Monday, 29 February 2016

Heartburn (PPI) Drugs and Dementia

Proton pump inhibitors are 'heartburn' drugs that seeks to reduce acid in the stomach. Some PPI brand names are Nexium, Omeprazole, Prevadic, Prilosex, Pantoloc Control, and Zanprol, amongst many others. They are used to treat stomach and duodenum ulcers for short periods, and to remove bacteria called 'pylori' from the stomach to prevent and stomach cancer. But as with all conventional drugs that seek to 'inhibit' specific bodily functions, PPI drug only cause 'side effects' , in this case, an increase in other bacteria, particularly 'clostridium difficile', or 'C.Dif' which can cause serious, and sometime fatal enteritis.

Indeed, PPI drugs inhibit much more, and by interfering with normal body functions, are known cause more serious harm to normal cell functions.  Heartburn drugs have already been linked to an increased risk of heart attacks and bone fractures, and, of course, to C.difficile infections. But now they have been implicated in causing dementia.

A study, conducted at the German Centre for Neurodegenerative Diseases in Bonn, and published in the journal JAMA Neurology, looked at 11 years of insurance data covering 74,000 people over the age of 75. It identified 29,510 patients who developed dementia during the study period, of which 2,950 regularly took PPI drugs. It was calculated that those who took PPIs increased their risk of dementia by 44% compared with those who had not taken the drugs. The researches concluded:

          "The avoidance of PPI medication may contribute to the prevention of dementia." 

Even the mainstream media has picked up on this link, including The Mail, The Express, and The Telegraph. But the study has received a hostile reception from the conventional medical establishment, who have attacked the study in order to protect their reputation. They have pointed out, correctly, that the results provide only a statistical association, and have mostly demanded that more focused trials investigating the link should conducted.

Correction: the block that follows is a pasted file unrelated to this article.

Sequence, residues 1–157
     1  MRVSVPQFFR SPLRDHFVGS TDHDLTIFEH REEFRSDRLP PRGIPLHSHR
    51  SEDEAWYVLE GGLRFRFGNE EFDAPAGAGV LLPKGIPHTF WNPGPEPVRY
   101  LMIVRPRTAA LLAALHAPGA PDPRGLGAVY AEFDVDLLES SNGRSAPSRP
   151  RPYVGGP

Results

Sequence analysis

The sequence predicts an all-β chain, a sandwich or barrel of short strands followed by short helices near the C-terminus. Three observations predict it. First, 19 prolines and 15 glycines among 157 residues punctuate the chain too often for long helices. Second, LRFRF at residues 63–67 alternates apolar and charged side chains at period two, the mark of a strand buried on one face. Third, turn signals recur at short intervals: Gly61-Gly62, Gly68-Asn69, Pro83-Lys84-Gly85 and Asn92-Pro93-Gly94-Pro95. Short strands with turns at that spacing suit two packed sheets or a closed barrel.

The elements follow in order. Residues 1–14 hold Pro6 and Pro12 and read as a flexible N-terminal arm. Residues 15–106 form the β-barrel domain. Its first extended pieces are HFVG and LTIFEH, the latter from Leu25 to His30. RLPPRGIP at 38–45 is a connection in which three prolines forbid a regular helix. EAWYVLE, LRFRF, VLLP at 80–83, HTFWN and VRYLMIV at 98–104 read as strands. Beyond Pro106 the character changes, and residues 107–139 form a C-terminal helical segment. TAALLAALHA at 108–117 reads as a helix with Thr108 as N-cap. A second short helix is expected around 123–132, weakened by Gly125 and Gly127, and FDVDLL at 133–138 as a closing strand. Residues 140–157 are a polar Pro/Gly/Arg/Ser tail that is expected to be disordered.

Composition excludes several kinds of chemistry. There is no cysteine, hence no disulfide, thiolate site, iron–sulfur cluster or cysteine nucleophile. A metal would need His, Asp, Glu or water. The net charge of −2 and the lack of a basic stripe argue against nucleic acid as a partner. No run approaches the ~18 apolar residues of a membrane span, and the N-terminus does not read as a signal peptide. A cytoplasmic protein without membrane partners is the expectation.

Foremost amongst these critics is the British NHS, in their article "Link between indigestion drugs and dementia 'inconclusive'." The article says that "the Mail's headline sounds scary, but is no cause for alarm. The research behind the story provides no strong reason to stop taking PPIs as prescribed."

So, for the conventional medical establishment, such as association, even with a disease as dreadful as dementia, is insufficient to ensure that prescription of the drug is stopped, pending investigation. Rather, it is assumed that drug is safe (and is given to patients) until such time as it is proven to be harmful or dangerous!
          "This study found people taking PPIs had a 44% higher risk of developing dementia in a seven-year period compared with those not taking the drugs. However, it's not accurate to say this was down to the PPIs – the study couldn't prove this, and there are many possible explanations."

Such is the 'health and safety' rules applying to all pharmaceutical drugs, according to the UKs NHS! First, first the drug has to be proven to be dangerous, by the 'correct' type of study, then once they believe it, theywe will start protecting patients! H&S representatives in any other industry would be overcome with apoploctic rage! And of course neither the British press, or the NHS, mentioned that PPI drugs have been implicated elsewhere!
One study, ‘Acid inhibitors may raise risk of developing dementia’, found that they may lead to confusion, delirium and dementia, and particularly that memory problems were seen in older black people, who were chronic users.

Another study, ‘Risk of dementia in elderly patients with the use of proton pump inhibitors’ assessed the association between the use of PPIs and the risk of dementia in older people. It found that patients receiving PPI drugs had a significantly increased risk of any dementia … and Alzheimer’s disease … compared with non-users. They concluded that

     “Due to the major burden of dementia on public health and the lack of curative medication, this finding is of  high interest to research on dementia and provides indication for dementia prevention”.

Yet another study, ‘Inappropriate prescribing of proton pump inhibitors in older patients: effects of an education strategy’ found that there was frequent prescribing of PPI drugs for older patients that was entirely inappropriate, and “independently associated with co-morbidities and dementia”.

Despite all this, until conventional medicine understands, and then accepts the mechanism linking the drug with reduced cognitive function, it is unlikely that doctors will stop prescribing them. The NHS has said so. Patients have been told, don't worry. All is well! And it is well known that millions of patients are taking these drugs, routinely and regularly, throughout the world. 

And, of course, we also know that there has been an epidemic of dementia in recent decades - an epidemic for which the conventional medical establishment has no explanation!